When I pushed Georgia gubernatorial nominee Stacey Abrams a few weeks ago for information on what her campaign’s internal poll numbers were, she pushed back.
“The difference isn’t how closely we’re polling. It’s who turns out their voters,” she said.
That’s one of the biggest underlying questions facing Abrams as she dukes it out against Georgia Secretary of State Brian Kemp (R) in the state’s gubernatorial election.
Abrams and Kemp have been neck-and-neck in nearly every public poll of the race. Private polling from both parties have them just as close. And while the old saw “it all comes down to turnout” might predate the republic, in this hotly contested campaign it actually might be true.
Georgia’s minority population growth has been booming the last two decades. The state’s population is now just 53 percent non-Hispanic white, down nearly ten percentage points since 2000.
That leaves the big question: Will Abrams’ efforts to boost minority turnout actually work well enough to put her over the top?
Strategists from both parties say that if Georgia’s electorate ends up looking like it did during the 2014 midterms, she probably can’t win. But if she can get black turnout to Obama-like highs in terms of proportion of the overall vote, with the current larger population, she should pull off a victory.
That means if Georgia’s vote is 28 to 29 percent black, the low end of what campaign strategists are modeling, Abrams is in trouble. If it’s 32 to 33 percent black, she should win. A number in the middle: Outlook murky. Similar margins for the state’s small but fast-growing Hispanic and Asian-American populations could make big differences too.
If neither candidate wins an outright victory, they head to a December 4 runoff.
Abrams is hoping to capitalize on the state’s major demographic and cultural shift.
She has spent the last few years trying to expand the electorate by registering minority and young voters through her organization the New Georgia Project. Kemp, as my story today details, doesn’t seem as keen on expanding Georgia’s voting populace.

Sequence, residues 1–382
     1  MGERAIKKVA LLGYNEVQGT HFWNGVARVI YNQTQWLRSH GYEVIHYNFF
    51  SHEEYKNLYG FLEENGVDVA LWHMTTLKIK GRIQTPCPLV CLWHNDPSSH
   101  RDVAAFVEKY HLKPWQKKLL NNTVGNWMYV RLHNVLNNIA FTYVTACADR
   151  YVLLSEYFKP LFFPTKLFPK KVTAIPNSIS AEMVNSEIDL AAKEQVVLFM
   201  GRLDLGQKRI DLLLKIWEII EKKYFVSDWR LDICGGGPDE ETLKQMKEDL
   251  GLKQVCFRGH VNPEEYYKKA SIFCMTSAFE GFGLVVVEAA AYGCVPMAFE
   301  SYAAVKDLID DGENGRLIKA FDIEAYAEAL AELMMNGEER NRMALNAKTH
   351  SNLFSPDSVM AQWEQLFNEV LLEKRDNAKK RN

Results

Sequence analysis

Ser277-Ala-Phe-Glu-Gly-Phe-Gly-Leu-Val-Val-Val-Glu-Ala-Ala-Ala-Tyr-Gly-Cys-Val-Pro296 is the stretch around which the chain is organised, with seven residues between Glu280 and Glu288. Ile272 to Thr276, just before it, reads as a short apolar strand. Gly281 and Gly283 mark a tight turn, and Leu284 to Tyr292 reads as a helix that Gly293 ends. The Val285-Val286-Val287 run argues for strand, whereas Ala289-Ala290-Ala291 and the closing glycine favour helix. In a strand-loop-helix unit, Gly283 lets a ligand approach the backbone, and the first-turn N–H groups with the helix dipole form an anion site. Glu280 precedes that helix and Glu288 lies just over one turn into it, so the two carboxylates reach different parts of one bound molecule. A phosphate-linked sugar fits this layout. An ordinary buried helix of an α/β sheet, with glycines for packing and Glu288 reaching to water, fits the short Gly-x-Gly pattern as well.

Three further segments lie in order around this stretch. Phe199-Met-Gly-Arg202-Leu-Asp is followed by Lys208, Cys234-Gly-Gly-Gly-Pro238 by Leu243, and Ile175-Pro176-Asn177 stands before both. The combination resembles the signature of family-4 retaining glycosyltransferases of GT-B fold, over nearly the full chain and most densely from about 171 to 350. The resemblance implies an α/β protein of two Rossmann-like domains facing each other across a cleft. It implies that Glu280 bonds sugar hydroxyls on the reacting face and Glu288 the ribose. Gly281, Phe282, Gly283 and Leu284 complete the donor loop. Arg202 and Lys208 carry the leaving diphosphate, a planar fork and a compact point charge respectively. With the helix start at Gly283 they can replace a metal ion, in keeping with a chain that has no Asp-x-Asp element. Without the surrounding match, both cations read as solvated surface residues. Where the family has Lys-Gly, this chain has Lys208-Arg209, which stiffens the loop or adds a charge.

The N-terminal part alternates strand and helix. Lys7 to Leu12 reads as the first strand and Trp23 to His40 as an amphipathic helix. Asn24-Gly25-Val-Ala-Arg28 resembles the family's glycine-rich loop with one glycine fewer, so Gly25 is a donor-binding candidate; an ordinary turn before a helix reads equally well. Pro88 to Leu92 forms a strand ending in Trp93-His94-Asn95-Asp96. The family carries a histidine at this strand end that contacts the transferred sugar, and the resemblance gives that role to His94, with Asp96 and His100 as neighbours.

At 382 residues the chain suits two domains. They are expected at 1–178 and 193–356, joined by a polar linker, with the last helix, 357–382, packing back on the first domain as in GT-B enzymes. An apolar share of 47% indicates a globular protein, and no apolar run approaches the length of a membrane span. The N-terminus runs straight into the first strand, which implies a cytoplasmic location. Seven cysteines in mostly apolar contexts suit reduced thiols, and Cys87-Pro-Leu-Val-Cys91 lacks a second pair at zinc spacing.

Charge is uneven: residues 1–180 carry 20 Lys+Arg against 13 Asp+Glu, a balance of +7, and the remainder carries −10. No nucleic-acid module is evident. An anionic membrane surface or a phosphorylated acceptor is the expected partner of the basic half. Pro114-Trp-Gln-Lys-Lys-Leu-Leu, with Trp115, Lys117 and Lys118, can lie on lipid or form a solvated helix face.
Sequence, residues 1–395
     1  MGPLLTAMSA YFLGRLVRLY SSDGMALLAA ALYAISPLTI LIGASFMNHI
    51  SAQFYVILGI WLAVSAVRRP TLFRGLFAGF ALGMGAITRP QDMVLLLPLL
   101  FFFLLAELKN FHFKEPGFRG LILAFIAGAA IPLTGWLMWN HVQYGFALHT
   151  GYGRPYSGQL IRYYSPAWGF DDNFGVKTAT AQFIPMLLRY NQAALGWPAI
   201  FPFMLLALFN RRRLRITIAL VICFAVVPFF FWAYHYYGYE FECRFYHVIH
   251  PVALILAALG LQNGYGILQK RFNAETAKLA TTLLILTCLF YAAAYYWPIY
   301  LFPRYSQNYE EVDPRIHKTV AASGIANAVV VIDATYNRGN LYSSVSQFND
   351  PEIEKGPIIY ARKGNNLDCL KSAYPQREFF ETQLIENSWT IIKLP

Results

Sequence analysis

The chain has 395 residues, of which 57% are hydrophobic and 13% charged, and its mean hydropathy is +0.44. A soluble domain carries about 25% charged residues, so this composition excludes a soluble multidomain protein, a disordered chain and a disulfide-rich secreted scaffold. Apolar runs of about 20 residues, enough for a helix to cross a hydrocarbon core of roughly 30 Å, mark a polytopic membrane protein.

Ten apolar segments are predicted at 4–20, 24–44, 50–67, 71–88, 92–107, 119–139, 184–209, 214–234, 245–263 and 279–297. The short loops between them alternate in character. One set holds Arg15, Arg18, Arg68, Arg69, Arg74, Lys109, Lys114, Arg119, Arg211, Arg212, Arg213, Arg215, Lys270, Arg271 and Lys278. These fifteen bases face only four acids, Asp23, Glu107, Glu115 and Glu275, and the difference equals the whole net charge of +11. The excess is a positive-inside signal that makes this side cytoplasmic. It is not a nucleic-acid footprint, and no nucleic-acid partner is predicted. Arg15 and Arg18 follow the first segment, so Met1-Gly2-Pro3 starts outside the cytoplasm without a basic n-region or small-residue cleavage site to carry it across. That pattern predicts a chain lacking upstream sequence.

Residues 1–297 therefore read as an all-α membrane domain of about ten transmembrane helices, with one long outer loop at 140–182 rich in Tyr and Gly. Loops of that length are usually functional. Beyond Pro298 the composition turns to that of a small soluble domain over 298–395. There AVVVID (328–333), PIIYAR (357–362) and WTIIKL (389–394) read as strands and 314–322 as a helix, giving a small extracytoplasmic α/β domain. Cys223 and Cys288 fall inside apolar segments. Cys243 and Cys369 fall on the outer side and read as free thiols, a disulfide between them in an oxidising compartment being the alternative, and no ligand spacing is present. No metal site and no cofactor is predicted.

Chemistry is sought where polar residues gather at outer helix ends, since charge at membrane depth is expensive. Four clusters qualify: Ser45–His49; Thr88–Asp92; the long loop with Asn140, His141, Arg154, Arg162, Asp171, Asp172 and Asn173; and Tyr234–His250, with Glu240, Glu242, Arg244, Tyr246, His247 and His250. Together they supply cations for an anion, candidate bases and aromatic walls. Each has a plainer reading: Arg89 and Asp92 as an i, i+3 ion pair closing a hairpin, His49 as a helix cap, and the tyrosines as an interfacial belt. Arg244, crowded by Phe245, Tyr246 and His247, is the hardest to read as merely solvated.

Abrams is also running as a true progressive, predicating her campaign on a huge turnout from minority and younger voters that scrambles what the old turnout model looks like.
That’s a different playbook than past Georgia Democrats, who’ve hugged the middle hoping they can win over enough GOP-leaning independents and trusting that black turnout would be enough to carry them across the finish line. That hasn’t worked statewide since 1998, the last time a Democrat won a gubernatorial or Senate race, and hasn’t worked for a Democrat in a tough district since Blue Dog Reps. John Barrow (D-GA) and Jim Marshall (D-GA) finally went down in conservative districts earlier this decade.
Conversely, Kemp ran hard to the right during the primary, and has done little to move back to the middle since.
Early signs are looking encouraging for Abrams: African American voters have requested early ballots already at almost double the rate they did in 2014. That’s a potential sign of a big enthusiasm jump — though it could partly be because of concerted efforts by Abrams’ campaign to boost early voting.
Both candidates are now making strong efforts to woo the state’s independent voters, especially white women in the Atlanta suburbs. But the campaign’s biggest question comes down to whether the electorate will look more like the new Georgia Abrams has dreamed of and worked for, or whether Georgia will continue to prove to be just out of reach for her and her party.